NymphaliniNiklas Wahlberg and Andrew V. Z. Brower
This tree diagram shows the relationships between several groups of organisms.
The root of the current tree connects the organisms featured in this tree to their containing group and the rest of the Tree of Life. The basal branching point in the tree represents the ancestor of the other groups in the tree. This ancestor diversified over time into several descendent subgroups, which are represented as internal nodes and terminal taxa to the right.
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Nymphalini contains about 100 species, many of which are well-known by everybody, such as the Red Admiral (Vanessa atalanta), the Painted Lady (Vanessa cardui) and the Tortoiseshells (Aglais). Species in temperate regions tend to hibernate as adults, and are thus among the first butterflies to be seen in Spring. The group has been the subject of intensive ecological and evolutionary studies, especially the genus Polygonia. Species of Nymphalini are found through out the world, even on remote oceanic islands such as Hawai'i.
The phylogenetic relationships of Nymphalini have been studied intensively since 2000, although the emphasis has been on the Nymphalis-group (including Nymphalis, Kaniska, Polygonia and Aglais). The most comprehensive study so far has been done by Wahlberg et al. (2005), who included 46 species from almost all genera (the putative Nymphalini Pycina was not included). Wahlberg et al. (2005) showed that the genera Colobura, Tigridia and Smyrna should be included in the tribe Nymphalini (they were previously placed in Coeini). Colobura and Tigridia are clearly sister genera and together they are sister to the rest of Nymphalini. The position of Smyrna is not clear at the moment, it may be sister to the rest of Nymphalini (to the exclusion of Colobura and Tirgridia; Wahlberg et al. 2005) or it may be sister to Colobura , Tigridia (Wahlberg 2006). The remaining genera form a strongly supported monophyletic group based on the DNA sequences of three genes (Wahlberg et al. 2005). Within this group, Symbrenthia, Mynes and Araschnia form a monophyletic group, but the relationships of these three genera are not clear at the moment (Fric et al. 2004, Wahlberg et al. 2005), with Fric et al. (2004) suggesting that Mynes is within Symbrenthia, while Wahlberg et al. (2005) place Mynes as sister to Araschnia. The lack of resolution is possibly due to the quick divergence of the ancestor into three lineages (Wahlberg 2006).
The positions of Antanartia, Vanessa and Hypanartia are also not clear, with Wahlberg et al. (2005) placing Antanartia as sister to the other genera, and Hypanartia and Vanessa as sister to each other. Traditionally, Antanartia and Hypanartia have been considered to be sister genera, and indeed further unpublished molecular data is indicating that this may be the case (N. Wahlberg, unpublished).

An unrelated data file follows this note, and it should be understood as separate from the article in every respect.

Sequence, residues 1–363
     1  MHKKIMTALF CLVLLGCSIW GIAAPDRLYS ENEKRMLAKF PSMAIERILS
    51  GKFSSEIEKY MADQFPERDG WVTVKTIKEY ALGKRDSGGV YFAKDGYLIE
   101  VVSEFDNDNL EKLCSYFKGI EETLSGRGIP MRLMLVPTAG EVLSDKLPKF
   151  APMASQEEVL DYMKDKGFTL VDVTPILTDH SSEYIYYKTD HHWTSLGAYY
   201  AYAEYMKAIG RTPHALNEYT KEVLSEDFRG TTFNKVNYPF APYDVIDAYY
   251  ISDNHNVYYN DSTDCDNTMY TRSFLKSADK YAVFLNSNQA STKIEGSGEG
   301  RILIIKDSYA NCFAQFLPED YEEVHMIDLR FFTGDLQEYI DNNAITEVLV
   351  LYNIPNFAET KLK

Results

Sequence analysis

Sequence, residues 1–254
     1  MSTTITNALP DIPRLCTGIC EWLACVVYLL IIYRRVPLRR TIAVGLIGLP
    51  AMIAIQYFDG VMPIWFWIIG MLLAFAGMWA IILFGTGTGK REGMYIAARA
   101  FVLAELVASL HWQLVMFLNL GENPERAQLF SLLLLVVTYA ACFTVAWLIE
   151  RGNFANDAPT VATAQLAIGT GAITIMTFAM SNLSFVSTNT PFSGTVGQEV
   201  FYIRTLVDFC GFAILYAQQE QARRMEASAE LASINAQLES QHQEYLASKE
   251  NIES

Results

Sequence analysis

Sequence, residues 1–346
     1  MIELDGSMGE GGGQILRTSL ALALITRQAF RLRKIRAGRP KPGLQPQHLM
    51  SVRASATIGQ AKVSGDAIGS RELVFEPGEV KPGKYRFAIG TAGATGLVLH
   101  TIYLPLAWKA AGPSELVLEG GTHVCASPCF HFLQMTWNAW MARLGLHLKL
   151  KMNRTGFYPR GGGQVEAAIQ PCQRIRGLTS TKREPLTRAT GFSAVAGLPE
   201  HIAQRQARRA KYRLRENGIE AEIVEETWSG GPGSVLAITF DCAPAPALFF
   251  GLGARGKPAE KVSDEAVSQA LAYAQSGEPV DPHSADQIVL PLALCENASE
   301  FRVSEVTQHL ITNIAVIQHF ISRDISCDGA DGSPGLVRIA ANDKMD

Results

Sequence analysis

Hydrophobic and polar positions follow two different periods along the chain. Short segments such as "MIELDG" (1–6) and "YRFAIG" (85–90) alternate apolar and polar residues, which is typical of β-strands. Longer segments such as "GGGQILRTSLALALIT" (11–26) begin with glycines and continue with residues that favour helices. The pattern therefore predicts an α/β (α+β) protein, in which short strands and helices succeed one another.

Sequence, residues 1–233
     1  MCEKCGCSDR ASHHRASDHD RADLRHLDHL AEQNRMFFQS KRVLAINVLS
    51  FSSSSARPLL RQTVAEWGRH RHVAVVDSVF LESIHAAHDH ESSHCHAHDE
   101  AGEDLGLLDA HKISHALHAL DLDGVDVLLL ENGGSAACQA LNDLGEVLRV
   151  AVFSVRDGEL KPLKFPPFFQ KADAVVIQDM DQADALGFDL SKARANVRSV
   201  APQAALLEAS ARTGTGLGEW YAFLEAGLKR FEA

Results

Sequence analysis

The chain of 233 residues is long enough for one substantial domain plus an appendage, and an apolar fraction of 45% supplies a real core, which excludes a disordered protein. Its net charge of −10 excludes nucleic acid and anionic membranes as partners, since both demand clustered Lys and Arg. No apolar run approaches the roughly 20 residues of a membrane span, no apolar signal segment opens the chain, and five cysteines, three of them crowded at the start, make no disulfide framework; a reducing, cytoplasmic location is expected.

The relationships of the Nymphalis-group genera have been the focus of several studies (Nylin et al. 2001, Wahlberg and Nylin 2003, Weingartner et al. 2006). It is clear that the genus Aglais is sister to the other genera, with strong support from both molecules and morphology. The position of Kaniska is not clear, with molecules placing it as sister to Nymphalis with weak support and morphology placing it as sister to Polygonia, also with weak support. Kaniska was synonymized with Polygonia by Wahlberg and Nylin (2003), however, the unclear position of Kaniska suggests that it should be retained as a genus of its own, despite having just a single species in it.
Fric, Z., M. Konvicka, and J. Zrzavż. 2004. Red & black or black & white? Phylogeny of the Araschnia butterflies (Lepidoptera: Nymphalidae) and evolution of seasonal polyphenism. Journal of Evolutionary Biology 17:265-278.
Nylin, S., K. Nyblom, F. Ronquist, N. Janz, J. Belicek, and M. KšllersjŲ. 2001. Phylogeny of Polygonia, Nymphalis and related butterflies (Lepidoptera: Nymphalidae): a total-evidence analysis. Zoological Journal of the Linnean Society 132:441-468.
Wahlberg, N. 2006. That awkward age for butterflies: insights from the age of the butterfly subfamily Nymphalinae. Systematic Biology 55:703-714.
Wahlberg, N., A. V. Z. Brower, and S. Nylin. 2005. Phylogenetic relationships and historical biogeography of tribes and genera in the subfamily Nymphalinae (Lepidoptera: Nymphalidae). Biological Journal of the Linnean Society 86:227-251.
Wahlberg, N., and S. Nylin. 2003. Morphology versus molecules: resolution of the positions of Nymphalis, Polygonia and related genera (Lepidoptera: Nymphalidae). Cladistics 19:213-223.
Wahlberg, N., Weingartner, E., Warren, A. D. & Nylin, S. 2009 Timing major conflict between mitochondrial and nuclear genes in species relationships of Polygonia butterflies (Nymphalidae: Nymphlalini). BMC Evolutionary Biology 9, 92.
University of Turku, Finland
Correspondence regarding this page should be directed to Niklas Wahlberg at and Andrew V. Z. Brower at
Page copyright © 2009 Niklas Wahlberg and
Page: Tree of Life Nymphalini Authored by . Niklas Wahlberg and Andrew V. Z. Brower. The TEXT of this page is licensed under the Creative Commons Attribution License - Version 3.0. Note that images and other media featured on this page are each governed by their own license, and they may or may not be available for reuse. Click on an image or a media link to access the media data window, which provides the relevant licensing information. For the general terms and conditions of ToL material reuse and redistribution, please see the Tree of Life Copyright Policies.
- First online 25 September 2006
- Content changed 04 June 2009
Citing this page:
Wahlberg, Niklas and Andrew V. Z. Brower. 2009. Nymphalini http://tolweb.org/Nymphalini/70222/2009.06.04 in The Tree of Life Web Project, http://tolweb.org/. Version 04 June 2009 (under construction).